Judge hints that some testimony about gang-linked soldier credible
Although there was no mention of the ex-soldier and his alleged membership in the Clansman-One Don Gang in statements given by one of the prosecution’s star witnesses, Chief Justice Bryan Sykes acknowledged that the evidence suggested some truth in the testimony about the former army man.
The self-confessed gang member, who described himself as the organisation’s banker and personal driver for reputed leader Andre ‘Blackman’ Bryan, had testified that defendant Jermaine Robinson was one of Bryan’s bodyguards. He also told the court that Robinson had visited his home several times and had guarded Bryan with a gun, which was kept by the witness.
The witness also told the court that Robinson confided in him that he was a member of the Jamaica Defence Force (JDF) and that he had seen him with a broken arm at one point.
However, the witness had not mentioned any of those claims or even made any mention of the soldier in his statement, but pointed out the soldier during a dock identification of other alleged gang members ahead of his evidence-in-chief.
The witness acknowledged that he had forgotten all about the soldier but told the court that he knew him to be a member of the gang and had spoken to him.
Attorney-at-law Roxaine Smith, during her cross-examination of the witness, had suggested that his omission showed that he was fabricating stories about her client. She said further that it was not possible for her client to have been in a gang as he was transferred to St James shortly after his training.
But Justice Sykes, during his summation of the ex-gangster’s evidence on Tuesday, said despite the defence’s suggestion that the witness was lying, the evidence from the JDF confirmed that he was a member of the army and that he had suffered some kind of injury to his right arm.
The evidence, Justice Sykes said, also indicated that Robinson was placed on sick leave after he was initially allowed to work but was excused from certain duties.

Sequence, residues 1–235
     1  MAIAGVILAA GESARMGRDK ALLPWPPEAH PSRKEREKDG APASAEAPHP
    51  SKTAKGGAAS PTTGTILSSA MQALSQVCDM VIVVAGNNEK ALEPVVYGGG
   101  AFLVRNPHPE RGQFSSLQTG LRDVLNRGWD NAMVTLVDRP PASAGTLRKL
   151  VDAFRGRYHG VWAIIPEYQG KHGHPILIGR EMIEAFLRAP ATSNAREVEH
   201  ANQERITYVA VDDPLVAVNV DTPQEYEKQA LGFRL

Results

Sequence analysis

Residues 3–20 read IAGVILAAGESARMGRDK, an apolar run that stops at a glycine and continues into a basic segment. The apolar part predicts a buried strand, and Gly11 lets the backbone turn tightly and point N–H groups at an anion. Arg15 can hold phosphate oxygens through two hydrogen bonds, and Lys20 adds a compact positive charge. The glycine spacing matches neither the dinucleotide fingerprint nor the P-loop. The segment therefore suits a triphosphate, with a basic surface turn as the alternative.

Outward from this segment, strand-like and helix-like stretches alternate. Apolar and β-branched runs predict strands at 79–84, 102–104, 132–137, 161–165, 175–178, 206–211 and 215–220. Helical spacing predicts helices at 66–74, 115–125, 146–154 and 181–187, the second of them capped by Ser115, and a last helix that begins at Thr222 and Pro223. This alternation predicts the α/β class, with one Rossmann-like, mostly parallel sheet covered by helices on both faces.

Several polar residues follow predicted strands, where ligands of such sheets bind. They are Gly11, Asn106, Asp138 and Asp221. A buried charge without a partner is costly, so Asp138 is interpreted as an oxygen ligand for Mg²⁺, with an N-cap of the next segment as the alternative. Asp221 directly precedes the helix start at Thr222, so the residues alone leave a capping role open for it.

The judge also recalled that Robinson, in his unsworn statement, had also acknowledged that he was a soldier and that his right arm was broken and he could not operate a gun then as he was not ambidextrous.
But according to the chief justice, the evidence “was consistent with the observation of Mr … regarding Mr Robinson, although the medical does not use the term broken arm.
“How would he know these things?” the judge asked.
Further to that, the judge pointed out that Robinson’s assertion that he had visited Jones Avenue in St Catherine to look for relatives and friends showed that the witness was not fabricating a story when he reported having seen the ex-soldier on the road, which the court heard was the gang’s headquarters.
Consequently, Justice Sykes said the omission has to be viewed in a broader sense. He also questioned what the witness had to gain “ from being soft” on the defendant when he had left him out of his statement.
Bryan and 26 other alleged gang members are being tried on an indictment with multiple counts of offences under the Criminal Justice (Suppression of Criminal Organizations) Act and the Firearms Act.
One of the defendants, Andre Smith, was shot and killed last August while he was on bail. Five others were freed.
Justice Sykes will continue his summation today.